On Monday morning, I had the good fortune to spend some time up at Magna GC in Aurora, Ont. for Golf Town’s Invitational event benefiting prostate cancer research.
Last year, David Toms and Sergio Garcia came up for an event draped in TaylorMade. This year the focus was on Adams Golf, and therefore eight-time major winner Tom Watson and two-time major winner Bernard Langer both came up for the event.
Now frankly these sorts of interviews are always sort of tough. After all, the players who attend aren’t there for their news value — and in the case of Watson and Langer, they are largely at Magna for their nostalgia and past greatness. Don’t get me wrong, both are tremendous players — it is just tough making them relevant to current events.
Which, thankfully, doesn’t mean they were no questions that were of any value, though it was slow going to start. Sitting in a room surrounded by people eating breakfast isn’t the best way to conduct a press conference, especially when there were only a handful of press in the room. Watson deftly handled a couple of questions about Adams Golf; Langer offered a precise, if not particularly colourful account of his use of the equipment. In other words it was yawnsville.
Then Watson decided to take the presser in another direction, raising the question of why the Americans don’t win the Ryder Cup. He said flatly that it was because the Europeans were better players. I said that wasn’t the case when you looked at the world rankings. He responded that the world rankings were political and didn’t necessarily reflect the reality of the level of play. Langer, for his part, said the Europeans played with more emotion and more as a team.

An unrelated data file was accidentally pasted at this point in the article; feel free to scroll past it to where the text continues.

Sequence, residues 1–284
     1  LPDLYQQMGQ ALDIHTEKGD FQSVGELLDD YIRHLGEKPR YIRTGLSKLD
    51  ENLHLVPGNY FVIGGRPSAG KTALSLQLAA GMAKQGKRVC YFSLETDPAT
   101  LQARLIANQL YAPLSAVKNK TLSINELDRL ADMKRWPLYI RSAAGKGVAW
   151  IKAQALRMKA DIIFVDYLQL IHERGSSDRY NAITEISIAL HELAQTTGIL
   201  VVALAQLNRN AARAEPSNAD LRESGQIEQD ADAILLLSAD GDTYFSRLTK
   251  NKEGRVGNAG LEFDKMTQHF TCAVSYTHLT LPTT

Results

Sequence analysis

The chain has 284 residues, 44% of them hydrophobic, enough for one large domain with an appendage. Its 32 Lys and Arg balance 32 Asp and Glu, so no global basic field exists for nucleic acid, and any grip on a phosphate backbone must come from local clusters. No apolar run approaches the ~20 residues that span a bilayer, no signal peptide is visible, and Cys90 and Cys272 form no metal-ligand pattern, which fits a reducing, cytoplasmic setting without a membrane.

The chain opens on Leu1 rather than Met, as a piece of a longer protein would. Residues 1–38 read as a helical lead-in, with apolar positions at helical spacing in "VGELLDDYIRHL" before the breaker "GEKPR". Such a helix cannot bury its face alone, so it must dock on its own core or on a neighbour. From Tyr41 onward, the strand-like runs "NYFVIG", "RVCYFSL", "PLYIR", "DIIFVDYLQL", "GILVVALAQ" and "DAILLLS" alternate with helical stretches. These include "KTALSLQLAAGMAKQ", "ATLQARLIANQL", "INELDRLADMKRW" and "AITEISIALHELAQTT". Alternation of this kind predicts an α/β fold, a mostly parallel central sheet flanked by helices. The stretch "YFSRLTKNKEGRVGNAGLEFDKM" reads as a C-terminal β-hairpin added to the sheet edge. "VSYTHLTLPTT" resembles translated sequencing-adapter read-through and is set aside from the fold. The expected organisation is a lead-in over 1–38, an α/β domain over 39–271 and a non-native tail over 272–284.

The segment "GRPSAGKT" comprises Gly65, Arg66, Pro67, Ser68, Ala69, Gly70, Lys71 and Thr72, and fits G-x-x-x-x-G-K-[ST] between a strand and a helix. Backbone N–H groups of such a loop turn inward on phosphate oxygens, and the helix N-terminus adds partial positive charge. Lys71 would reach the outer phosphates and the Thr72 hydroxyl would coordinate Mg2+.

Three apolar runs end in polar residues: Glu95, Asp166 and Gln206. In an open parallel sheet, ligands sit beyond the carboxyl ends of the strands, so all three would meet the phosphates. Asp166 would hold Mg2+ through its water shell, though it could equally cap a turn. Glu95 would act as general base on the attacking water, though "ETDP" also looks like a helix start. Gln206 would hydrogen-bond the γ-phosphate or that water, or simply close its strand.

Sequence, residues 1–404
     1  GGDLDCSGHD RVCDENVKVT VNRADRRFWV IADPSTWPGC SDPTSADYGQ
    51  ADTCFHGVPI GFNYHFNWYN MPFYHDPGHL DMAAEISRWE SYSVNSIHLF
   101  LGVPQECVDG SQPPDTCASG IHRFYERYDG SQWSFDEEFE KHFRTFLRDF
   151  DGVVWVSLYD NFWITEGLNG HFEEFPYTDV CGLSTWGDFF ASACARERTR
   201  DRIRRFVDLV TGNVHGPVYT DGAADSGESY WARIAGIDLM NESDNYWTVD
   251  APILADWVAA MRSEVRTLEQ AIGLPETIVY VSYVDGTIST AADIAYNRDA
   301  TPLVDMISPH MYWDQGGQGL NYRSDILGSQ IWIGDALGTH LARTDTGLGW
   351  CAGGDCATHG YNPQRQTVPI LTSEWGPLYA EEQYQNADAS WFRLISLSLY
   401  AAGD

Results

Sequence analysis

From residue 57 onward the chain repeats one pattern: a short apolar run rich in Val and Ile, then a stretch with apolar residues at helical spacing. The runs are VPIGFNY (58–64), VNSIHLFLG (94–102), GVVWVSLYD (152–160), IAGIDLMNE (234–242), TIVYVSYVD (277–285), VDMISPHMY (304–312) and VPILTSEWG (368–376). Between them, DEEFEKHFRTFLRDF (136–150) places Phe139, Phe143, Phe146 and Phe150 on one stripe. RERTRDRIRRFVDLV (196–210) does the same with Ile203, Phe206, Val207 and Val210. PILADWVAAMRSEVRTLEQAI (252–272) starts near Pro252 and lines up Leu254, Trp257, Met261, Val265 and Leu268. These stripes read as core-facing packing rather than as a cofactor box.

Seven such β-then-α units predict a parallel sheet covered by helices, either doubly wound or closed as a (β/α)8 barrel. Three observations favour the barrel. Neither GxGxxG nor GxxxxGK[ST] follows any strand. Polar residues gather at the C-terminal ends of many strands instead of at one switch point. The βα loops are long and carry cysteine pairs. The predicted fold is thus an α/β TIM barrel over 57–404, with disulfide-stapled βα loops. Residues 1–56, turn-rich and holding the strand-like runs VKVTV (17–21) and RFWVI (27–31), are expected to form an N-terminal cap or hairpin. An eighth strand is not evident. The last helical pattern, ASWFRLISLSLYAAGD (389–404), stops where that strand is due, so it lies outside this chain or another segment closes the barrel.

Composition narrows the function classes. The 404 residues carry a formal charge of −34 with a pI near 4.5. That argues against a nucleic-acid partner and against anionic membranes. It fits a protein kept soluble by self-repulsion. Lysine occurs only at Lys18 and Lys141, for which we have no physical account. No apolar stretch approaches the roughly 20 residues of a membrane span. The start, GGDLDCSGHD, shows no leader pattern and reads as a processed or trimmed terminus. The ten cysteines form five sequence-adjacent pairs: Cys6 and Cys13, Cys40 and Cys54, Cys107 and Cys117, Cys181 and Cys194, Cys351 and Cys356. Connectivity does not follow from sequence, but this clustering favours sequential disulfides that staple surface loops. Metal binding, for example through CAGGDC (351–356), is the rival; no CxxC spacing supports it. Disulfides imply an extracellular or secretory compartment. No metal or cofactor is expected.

Watson also talked about Tiger Woods.
“At the Masters I thought he swung terribly,” Watson said. “He was upright at impact and his body was straight up and down. He hit the ball terribly. And what did he do? Finished second.”
Watson indicated that if you were watching closely, it was clear something was wrong with Woods. But when posed with the question of Woods’ chances at the US Open next week, Langer seemed convinced Woods would be on form.
“Obviously it is not the right way to prepare for a major,” said Langer. “But I’ll guarantee you Tiger has been practicing. He’s been chipping and putting and hitting shots from 100 yards. I’ve never seen anyone in the history of golf who practiced so hard.”
After the press conference Langer and Watson spent about an hour putting on a clinic and then played a nine hole exhibition that was only intriguing when Watson caught a hybrid heavy on the par-5 12th from 220, left his bunker shot, well, in the bunker and made bogey. Langer made birdie and that was the difference. In fact, Watson didn’t seem to be on form for most of the round, but still managed to stay even par over nine holes.
Finally, the spectators at the tournament had the chance to take to the course and play 18. Langer joined each group for a single hole and Watson provided my group with a chipping lesson. Big hitting Hugh Burrill played catcher as Watson lofted little chips to him, and then demonstrated how to hit a short lofted chip to a tight pin. I’ll give Watson this — he was friendly and spirited and that made him intriguing. He’d be a good one to sit down with for a long interview as he’s not short on opinion.
I caught him in the clubhouse afterwards and spoke briefly about golf design. He said he believed six hole loops would be a good bet for the time issues facing the game, but that owners wouldn’t buy into the notion.
“That’s what I’d build if they’d let me,” he said.